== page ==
Second, the court found that EU data protection rules pertain to search engines as well as to websites, since the former ultimately control how available information is (Google claimed that it functioned merely as an intermediary in the information-gathering process and was therefore not culpable for what it indexed online). Specifically, the ECJ observed that search providers were responsible for their users’ ability to easily find and assemble information on those who would rather not have certain search results made available, which put a legal onus on them to remove links from appearing on their sites. The decision also conceded that search engines need to be involved in the process because it is impractical to hold websites solely liable when it comes to erasing information.
Finally, the ECJ determined that Europeans should be able to have information about themselves removed from the Internet, provided it is “inaccurate, inadequate, irrelevant, or excessive.” This set an important precedent: while acknowledging that there is a balance to be struck between free speech and privacy that considers the prominence of a person and the nature of the information in question, the court nonetheless decreed that, in principle, privacy rights override the data access interests of Internet users.
And by all accounts, Europeans are actively using their newly defined right. As of October 2015, Google, the dominant search engine in Europe, reported that over 1.1 million links (from 325,929 requests) have been evaluated through its online submission form. More than 58 percent of these have been removed. Although Google does not release data concerning the types of requests it receives, a recent investigation by The Guardian found that over 95 percent of link removal requests came from ordinary individuals and not from politicians or criminal figures, as many opponents of the right to be forgotten had argued would happen.
The implementation of the ECJ’s right to be forgotten verdict, however, has proven controversial. Google has become the frontline enforcer of digital privacy rights against its wishes and without a public mandate. It is a reluctant (and uncompensated) censor that is not overseen by the government and is not transparent about how its decisions are reached. In this context, the claims made by EU officials that the new expectations imposed on the company are neither unreasonable nor unduly burdensome ring hollow, particularly given the inherent subjectivity required to sort through alleged privacy violations and make judgment calls as to which links should be kept and which removed.
Digital privacy in the EU is still governed by the 1995 directive, but this is set to change. In early 2012, the European Commission proposed major revisions to EU standards. They were meant to clarify, harmonize, and update rules in place from the infancy of the Internet and to also provide a uniform legal basis for the rules’ enforcement across all 28 EU countries. The result is the General Data Protection Regulation, which is expected to be approved by the end of this year and to go into effect by 2017. The GDPR will explicitly recognize the right to be forgotten, specifying the conditions under which it may be invoked as well as instances in which the public interest requires information to remain freely available.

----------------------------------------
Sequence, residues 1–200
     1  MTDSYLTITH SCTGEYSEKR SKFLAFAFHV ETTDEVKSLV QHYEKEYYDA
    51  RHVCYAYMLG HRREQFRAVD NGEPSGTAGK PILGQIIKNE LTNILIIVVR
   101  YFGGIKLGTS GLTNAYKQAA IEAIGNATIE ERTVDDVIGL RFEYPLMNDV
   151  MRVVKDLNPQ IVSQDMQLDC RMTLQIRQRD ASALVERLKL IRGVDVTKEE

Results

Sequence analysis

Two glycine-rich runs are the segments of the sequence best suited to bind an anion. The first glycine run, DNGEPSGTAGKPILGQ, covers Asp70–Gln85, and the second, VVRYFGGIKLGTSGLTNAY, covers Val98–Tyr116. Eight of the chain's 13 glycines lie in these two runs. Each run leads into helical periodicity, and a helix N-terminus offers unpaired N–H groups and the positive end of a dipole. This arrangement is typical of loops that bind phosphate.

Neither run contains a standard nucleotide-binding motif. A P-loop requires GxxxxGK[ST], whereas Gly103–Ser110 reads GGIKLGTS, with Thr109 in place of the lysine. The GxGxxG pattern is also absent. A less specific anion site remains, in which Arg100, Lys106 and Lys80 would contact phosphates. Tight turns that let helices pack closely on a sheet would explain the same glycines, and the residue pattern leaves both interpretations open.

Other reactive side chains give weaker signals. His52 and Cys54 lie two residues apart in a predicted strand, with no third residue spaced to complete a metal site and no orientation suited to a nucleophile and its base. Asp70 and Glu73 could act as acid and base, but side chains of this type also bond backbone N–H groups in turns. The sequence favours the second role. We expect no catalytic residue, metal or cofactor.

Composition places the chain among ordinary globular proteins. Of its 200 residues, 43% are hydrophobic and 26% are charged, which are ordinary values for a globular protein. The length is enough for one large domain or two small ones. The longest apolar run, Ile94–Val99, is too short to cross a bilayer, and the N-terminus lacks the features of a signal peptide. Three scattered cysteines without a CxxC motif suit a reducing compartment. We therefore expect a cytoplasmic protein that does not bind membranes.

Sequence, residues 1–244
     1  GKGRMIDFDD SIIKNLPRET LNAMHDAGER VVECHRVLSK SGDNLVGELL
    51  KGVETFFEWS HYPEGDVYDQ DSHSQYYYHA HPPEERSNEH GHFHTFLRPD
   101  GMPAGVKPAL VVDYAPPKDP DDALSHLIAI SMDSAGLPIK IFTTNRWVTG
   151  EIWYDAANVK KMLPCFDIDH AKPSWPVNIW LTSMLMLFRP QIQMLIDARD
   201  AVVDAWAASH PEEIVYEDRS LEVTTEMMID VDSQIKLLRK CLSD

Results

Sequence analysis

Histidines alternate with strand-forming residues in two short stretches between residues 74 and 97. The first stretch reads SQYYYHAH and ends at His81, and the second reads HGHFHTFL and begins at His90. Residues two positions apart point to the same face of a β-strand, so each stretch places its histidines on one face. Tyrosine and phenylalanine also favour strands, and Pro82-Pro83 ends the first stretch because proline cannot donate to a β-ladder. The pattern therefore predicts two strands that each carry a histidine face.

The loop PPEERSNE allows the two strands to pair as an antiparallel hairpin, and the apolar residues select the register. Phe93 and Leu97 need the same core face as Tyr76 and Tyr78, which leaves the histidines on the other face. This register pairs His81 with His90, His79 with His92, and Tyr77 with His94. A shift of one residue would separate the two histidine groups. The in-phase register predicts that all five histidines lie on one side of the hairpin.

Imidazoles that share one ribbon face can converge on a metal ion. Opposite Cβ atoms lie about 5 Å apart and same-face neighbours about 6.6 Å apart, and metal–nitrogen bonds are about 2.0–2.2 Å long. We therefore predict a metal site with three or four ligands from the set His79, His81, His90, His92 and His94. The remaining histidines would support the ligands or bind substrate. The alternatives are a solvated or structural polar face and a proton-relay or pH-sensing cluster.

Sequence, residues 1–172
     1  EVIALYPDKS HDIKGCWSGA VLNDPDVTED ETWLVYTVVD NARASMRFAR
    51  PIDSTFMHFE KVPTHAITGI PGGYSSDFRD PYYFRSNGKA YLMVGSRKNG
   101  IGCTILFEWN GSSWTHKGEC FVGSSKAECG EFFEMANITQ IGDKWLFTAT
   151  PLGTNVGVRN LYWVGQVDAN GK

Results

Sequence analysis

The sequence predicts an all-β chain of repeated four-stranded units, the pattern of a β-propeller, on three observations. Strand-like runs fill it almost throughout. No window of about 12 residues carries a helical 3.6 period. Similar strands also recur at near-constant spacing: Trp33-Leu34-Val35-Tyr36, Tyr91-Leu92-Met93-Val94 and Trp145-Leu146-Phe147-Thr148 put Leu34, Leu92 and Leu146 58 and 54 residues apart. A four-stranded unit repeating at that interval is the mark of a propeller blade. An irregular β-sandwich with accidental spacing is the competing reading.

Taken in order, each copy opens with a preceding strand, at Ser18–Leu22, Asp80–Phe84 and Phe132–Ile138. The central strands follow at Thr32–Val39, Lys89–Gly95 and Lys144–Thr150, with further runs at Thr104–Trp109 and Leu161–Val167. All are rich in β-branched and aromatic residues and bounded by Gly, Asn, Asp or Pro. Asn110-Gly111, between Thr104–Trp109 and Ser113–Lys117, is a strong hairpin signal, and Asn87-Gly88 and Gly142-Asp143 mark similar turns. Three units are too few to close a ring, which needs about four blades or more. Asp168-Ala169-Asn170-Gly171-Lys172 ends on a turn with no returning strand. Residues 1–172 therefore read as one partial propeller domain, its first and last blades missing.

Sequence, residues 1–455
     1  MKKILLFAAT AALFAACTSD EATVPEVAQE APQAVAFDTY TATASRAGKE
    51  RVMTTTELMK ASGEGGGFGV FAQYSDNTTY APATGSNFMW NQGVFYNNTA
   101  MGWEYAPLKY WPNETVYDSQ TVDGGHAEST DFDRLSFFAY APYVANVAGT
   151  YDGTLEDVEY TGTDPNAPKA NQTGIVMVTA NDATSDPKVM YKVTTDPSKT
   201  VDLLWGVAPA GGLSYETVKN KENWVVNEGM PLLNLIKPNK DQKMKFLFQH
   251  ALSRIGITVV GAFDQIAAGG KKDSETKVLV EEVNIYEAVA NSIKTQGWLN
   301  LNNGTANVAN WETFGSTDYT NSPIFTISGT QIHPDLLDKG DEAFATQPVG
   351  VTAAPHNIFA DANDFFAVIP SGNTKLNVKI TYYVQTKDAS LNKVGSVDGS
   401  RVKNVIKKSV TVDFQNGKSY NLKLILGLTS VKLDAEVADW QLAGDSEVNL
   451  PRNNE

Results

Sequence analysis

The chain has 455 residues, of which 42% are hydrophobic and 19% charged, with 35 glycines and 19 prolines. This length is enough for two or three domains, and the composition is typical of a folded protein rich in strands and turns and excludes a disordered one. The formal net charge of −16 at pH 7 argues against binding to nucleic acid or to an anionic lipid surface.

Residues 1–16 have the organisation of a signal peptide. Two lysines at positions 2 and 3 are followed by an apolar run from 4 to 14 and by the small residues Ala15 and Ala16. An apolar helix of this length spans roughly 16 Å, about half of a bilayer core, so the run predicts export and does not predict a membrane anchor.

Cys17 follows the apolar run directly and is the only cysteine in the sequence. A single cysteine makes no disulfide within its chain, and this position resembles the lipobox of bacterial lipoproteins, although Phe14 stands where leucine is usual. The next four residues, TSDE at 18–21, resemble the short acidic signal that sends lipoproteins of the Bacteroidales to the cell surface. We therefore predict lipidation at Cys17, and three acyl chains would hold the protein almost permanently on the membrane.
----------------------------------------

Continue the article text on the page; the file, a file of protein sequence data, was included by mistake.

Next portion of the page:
However, even if the EU passes this comprehensive legislation, global questions remain about the right to be forgotten. For example, in June, France’s National Commission on Informatics and Liberty (CNIL) determined that if Google removes links from European searches, it must do the same worldwide, as privacy protections within the EU could be circumvented easily by navigating to another, non-European Internet address. Google, whose appeal to CNIL was rejected on September 21, is expected to soon challenge the ruling in the French courts. Meanwhile, recent clarifications to EU policies have already begun to reverberate throughout the world. Notably, on October 6, the ECJ invalidated the U.S.-EU Safe Harbor Agreement. This measure, the basic framework for which was introduced in 2000, streamlined the EU compliance process for U.S. companies collecting and transmitting customer data outside of the European Economic Area. The ECJ determined that it provided insufficient protections to ensure the privacy of European citizens.
The future impact of growing differences between U.S. and EU digital privacy policies remains unclear. At the very least, given massive transatlantic trade flows, it is almost certain that the EU will prevail in imposing considerably stricter data standards on foreign firms with an operational presence in Europe. And it is not far-fetched to think that universal constraints may eventually be implemented by these businesses themselves, if they decide that it is more cost-effective to apply the strictest policies across the board in the name of compliance. Meanwhile, it seems inevitable that more countries will wade into the digital privacy fray and make their own demands heard, the results of which might not always be positive. For example, Russia’s vague criteria for removing Internet links in its new right to be forgotten law have raised fears that it could be manipulated to serve the purposes of specific ideological interests or of the state.
THE RIGHT WAY FORWARD
The advent of the Internet has democratized information, but by giving virtually anyone an ability to publish whatever they see fit online, it has also removed editorial scrutiny from the process in many cases. The result is an ever-increasing ubiquity of information, much of it of questionable quality and veracity, that may be cheaply and efficiently retained in perpetuity. This has raised vexing questions over how much of it should be allowed to be cataloged in this manner and, if the decision is made that some information should be removed from the Internet, who should be responsible for doing so.
The EU can certainly be criticized for its response to privacy concerns. The right to be forgotten arguably impinges on freedom of expression, and European officials have yet to enact sufficient forward-looking safeguards that would prevent sensitive elements of people’s lives from being published inappropriately on the Internet in the first place. There is also the issue of relegating the task of censorship to commercial enterprises, which does not guarantee forgetting so much as it imposes a highly selective form of digital amnesia. Regardless, the public’s desire to edit the Internet shows no signs of abating; in fact, just the opposite is true. Absent a universal data privacy standard, this desire poses a threat that competing regional regulations will Balkanize the Internet, creating fractured fiefdoms of unevenly accessible information.